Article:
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Old 06-28-2011, 05:52 AM
 
2,612 posts, read 4,591,687 times
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Quote:
Originally Posted by Ivorytickler View Post
You cannot teach what you do not, yourself, know.
Oh, but you can. That's what textbooks are for. And just talking about K-5, the amount of actual subject knowledge taught is small enough that pretty much any adult knows it or can learn it in a few minutes. The types of subjects taught are things like reading, where the subject matter expert would be in teaching reading - not in actually reading. Even dumb teachers can do that. And don't forget all that non-textbook stuff I mentioned.

Didn't you ever take a college course with someone famous in his/her field who taught so badly that you didn't learn anything? I remember a famous historian who stood at the podium of the lecture hall mumbling incoherently into the microphone for the entire class. I took a class in grad school with a PhD who didn't even try to teach - she made up some group project and had everyone sit around in groups talking about it for the whole semester. Some days she didn't even come to class. Teaching is hard work and requires preparation, dedication, speaking skills, people skills, a someone who really likes to help people. Without those things, the teaching part just doesn't happen.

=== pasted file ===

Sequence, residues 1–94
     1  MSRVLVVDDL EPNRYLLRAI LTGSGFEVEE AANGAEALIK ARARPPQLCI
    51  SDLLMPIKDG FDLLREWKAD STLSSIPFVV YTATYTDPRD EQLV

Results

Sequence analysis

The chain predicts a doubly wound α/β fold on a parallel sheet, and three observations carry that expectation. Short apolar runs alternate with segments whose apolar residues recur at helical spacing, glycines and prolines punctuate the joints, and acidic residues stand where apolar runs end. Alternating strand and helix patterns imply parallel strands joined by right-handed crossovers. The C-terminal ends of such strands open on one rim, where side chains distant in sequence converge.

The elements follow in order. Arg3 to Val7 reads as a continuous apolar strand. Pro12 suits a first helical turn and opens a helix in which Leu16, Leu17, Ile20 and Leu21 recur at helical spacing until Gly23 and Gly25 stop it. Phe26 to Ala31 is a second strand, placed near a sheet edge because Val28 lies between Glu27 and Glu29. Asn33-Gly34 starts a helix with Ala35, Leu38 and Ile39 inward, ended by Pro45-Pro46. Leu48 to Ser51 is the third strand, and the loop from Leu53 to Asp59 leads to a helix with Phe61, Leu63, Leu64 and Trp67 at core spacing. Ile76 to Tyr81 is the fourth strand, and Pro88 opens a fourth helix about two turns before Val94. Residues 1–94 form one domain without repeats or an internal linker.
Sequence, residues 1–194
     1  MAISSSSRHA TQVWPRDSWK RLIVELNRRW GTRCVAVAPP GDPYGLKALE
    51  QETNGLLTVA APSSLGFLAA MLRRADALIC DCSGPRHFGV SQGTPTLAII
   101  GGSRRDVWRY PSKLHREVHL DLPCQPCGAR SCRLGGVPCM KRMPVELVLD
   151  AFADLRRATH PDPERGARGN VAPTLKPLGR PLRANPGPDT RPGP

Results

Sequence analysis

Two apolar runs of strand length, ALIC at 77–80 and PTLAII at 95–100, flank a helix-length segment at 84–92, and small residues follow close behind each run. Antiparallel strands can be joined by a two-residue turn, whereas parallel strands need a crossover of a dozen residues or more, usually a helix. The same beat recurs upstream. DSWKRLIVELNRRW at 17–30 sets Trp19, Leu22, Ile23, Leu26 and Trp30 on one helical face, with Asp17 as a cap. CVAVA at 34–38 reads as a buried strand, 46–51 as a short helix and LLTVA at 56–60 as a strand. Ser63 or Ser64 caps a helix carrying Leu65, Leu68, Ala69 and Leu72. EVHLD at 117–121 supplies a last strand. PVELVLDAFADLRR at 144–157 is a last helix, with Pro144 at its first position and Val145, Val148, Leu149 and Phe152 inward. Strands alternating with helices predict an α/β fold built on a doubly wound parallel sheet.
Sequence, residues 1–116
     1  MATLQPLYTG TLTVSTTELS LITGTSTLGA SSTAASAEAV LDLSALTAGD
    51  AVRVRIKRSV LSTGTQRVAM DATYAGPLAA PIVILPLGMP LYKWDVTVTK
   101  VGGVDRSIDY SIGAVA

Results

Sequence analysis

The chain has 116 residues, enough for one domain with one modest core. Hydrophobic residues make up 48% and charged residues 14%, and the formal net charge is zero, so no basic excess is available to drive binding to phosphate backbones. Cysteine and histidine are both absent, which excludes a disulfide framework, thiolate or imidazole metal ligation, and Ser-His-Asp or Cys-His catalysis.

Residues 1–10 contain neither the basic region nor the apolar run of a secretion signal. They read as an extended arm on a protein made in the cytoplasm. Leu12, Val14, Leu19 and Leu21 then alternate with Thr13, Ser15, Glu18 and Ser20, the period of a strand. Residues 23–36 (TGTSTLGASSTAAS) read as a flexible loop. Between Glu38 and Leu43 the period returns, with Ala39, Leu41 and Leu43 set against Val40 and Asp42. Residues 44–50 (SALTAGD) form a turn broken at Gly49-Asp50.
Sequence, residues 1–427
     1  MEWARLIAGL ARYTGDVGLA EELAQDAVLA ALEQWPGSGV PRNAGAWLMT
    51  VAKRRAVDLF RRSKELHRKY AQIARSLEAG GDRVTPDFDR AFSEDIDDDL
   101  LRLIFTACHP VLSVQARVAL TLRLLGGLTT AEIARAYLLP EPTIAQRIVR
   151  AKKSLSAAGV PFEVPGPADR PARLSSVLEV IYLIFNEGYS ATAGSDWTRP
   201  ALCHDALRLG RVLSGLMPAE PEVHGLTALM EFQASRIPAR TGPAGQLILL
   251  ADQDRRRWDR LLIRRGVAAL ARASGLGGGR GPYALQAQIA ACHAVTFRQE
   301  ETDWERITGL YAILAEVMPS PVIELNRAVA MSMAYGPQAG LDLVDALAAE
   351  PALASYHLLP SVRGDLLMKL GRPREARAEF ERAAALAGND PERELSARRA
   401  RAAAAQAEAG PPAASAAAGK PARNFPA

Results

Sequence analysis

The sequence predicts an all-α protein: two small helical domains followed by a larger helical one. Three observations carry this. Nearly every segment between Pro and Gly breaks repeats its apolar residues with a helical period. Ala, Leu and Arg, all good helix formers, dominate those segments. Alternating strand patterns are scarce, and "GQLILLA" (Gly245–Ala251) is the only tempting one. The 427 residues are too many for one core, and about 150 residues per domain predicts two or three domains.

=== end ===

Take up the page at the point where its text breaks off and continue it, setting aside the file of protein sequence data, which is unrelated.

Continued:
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Old 06-28-2011, 05:53 AM
 
Location: Whoville....
25,393 posts, read 29,722,259 times
Reputation: 14499
Quote:
Originally Posted by jasper12 View Post